The Star Child and Its Destiny In The Cosmos

In our previous post we considered Pythagoras’ theory of Metempsychosis or the transmigration of the soul.  This is based on the assumption that humans possess some sort of immortal spark which lives on after the physical shell is discarded.

As we have previously stated, humans and for that matter all life on this planet traversing the cosmos is made from star stuff when the morning stars sang at the creation.  This cosmic explosion of atoms was embedded with this music of creation.

In the post The Songs of Distant Worlds we discussed the life songs of stars and planets.  We are interconnected to a cosmic life stream which is always flowing with new currents of energy.

Eons ago the creation did not cease. The formation of new stars and planets is a continual cycle. Creation happens around and above us each second.

Life is exorbitant on this water world.  Reproduction seems to be a natural process for all life forms.

If life is so plentiful on this one small orb hanging in immensity, how many other orbs are out there?  What other life forms both primitive and advanced share our cosmic stream?

Arthur C. Clarke’s 2001 series tackles in a science fiction fashion a number of serious questions about human origins, evolution, advanced civilizations and the future of humans in a cosmic society.  In many ways the first Star Trek film dealt with the Star Child concept.

A Voyager spacecraft falls into a black hole and is discovered by a planet of living machines.  The machines reform and rebuild the Voyager into their image—V’ger.  They send it to earth to find and reconnect with its Creator.

V’ger is not too impressed by the pesky carbon-based units.  In the end it realizes that the carbon based units are needed for it to evolve.

Like his father before him Captain Willard Decker makes the ultimate sacrifice.  He joins with V’ger to create a new life form which transcends the rational and taps into the mystical realms for which science has no explanations.  It is beyond logic and human science.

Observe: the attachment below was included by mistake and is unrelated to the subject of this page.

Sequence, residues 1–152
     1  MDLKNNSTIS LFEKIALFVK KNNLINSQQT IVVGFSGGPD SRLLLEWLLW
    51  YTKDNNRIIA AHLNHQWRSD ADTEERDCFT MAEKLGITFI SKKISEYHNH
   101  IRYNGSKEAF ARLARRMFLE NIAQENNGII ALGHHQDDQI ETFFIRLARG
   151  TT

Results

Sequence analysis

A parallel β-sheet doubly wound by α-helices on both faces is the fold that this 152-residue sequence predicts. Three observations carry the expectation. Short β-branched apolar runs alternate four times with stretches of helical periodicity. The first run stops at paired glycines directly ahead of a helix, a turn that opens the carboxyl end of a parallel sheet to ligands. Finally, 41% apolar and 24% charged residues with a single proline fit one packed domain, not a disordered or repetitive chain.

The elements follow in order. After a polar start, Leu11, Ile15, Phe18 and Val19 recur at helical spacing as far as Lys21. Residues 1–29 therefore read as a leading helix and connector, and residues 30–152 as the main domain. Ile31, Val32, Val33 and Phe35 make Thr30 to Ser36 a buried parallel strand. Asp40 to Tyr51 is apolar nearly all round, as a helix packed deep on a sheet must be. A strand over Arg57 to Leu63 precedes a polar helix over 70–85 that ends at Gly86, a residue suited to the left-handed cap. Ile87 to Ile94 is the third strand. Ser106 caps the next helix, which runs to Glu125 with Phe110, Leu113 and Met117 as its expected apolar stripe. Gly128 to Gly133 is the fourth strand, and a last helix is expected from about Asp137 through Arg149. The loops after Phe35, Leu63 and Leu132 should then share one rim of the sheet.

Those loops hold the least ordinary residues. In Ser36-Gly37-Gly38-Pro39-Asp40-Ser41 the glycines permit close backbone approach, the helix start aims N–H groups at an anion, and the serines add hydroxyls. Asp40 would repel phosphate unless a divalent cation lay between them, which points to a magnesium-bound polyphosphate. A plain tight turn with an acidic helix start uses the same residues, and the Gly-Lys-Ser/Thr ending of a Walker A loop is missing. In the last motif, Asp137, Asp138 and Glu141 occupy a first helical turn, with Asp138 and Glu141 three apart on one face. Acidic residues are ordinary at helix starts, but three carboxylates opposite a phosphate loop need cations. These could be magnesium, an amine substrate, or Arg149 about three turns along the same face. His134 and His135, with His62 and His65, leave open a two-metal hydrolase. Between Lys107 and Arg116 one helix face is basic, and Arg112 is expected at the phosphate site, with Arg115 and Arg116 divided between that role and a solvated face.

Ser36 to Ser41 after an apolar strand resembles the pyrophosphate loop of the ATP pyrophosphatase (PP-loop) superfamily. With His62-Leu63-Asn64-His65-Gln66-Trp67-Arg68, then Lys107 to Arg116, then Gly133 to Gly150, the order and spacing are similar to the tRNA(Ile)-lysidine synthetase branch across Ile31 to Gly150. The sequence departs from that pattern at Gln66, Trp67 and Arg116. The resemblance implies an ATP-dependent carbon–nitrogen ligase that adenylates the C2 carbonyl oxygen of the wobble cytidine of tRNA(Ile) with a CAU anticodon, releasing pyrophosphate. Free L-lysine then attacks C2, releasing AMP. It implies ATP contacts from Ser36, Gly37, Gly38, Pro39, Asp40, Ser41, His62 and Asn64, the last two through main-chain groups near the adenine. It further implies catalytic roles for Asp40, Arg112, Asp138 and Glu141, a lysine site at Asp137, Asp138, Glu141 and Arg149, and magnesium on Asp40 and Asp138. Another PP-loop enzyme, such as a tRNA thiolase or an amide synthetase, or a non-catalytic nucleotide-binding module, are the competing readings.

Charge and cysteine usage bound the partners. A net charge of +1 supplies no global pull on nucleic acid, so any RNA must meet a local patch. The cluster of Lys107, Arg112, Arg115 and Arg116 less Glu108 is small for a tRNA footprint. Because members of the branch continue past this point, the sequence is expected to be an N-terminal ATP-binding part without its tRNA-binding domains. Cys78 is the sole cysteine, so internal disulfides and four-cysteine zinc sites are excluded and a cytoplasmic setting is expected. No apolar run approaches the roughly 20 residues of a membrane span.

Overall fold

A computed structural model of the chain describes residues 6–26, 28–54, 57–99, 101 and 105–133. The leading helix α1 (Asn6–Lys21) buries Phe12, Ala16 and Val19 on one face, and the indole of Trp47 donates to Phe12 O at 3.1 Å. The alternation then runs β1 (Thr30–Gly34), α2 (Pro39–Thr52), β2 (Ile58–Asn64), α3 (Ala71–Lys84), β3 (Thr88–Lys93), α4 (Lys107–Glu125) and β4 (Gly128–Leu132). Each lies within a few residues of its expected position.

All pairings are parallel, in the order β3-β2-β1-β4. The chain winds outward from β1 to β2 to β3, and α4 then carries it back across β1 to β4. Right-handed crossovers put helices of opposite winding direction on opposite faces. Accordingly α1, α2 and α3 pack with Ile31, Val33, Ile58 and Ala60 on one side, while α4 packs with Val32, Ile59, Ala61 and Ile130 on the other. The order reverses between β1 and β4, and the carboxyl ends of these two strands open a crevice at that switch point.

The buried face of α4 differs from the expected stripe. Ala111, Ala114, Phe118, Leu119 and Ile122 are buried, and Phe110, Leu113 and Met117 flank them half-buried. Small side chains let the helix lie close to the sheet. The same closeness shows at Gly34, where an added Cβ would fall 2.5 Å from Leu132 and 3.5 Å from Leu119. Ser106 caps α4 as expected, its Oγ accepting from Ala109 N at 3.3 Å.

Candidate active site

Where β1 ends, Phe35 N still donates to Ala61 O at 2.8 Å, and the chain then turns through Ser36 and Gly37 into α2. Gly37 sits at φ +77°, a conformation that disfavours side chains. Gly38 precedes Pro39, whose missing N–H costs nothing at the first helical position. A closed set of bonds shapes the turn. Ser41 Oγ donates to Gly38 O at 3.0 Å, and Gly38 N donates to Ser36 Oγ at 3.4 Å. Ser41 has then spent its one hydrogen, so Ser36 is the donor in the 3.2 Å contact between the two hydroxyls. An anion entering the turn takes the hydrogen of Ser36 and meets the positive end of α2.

As we gaze at the night sky we can faintly hear the whispers of immortality from the cosmic orchestra.  Our embedded genome responds to the universal harmonies as we long to touch the unseen.

The beauty of the Star Child is that the being belongs to the planets and stars.  Confinement in space and time is no longer a physical concern. For the Star Child is now part of the cosmos.


Do humans possess immortality?  I would prefer to view immortality as a cosmic force which we do not innately possess.

In our next post we will travel back to the first century to visit with an educated Roman with a Hellenistic inclination.  This man of letters and zeal would shape a new religious movement into his own image.

What is remarkable about this Roman citizen was his views on immortality in light of the religious dogma of the day and his own upbringing.  Perhaps, the whispers of immortality on the road of life will become clearer after our visit.

G. D. Williams       © 2013

POST 433

Songs of Distant Worlds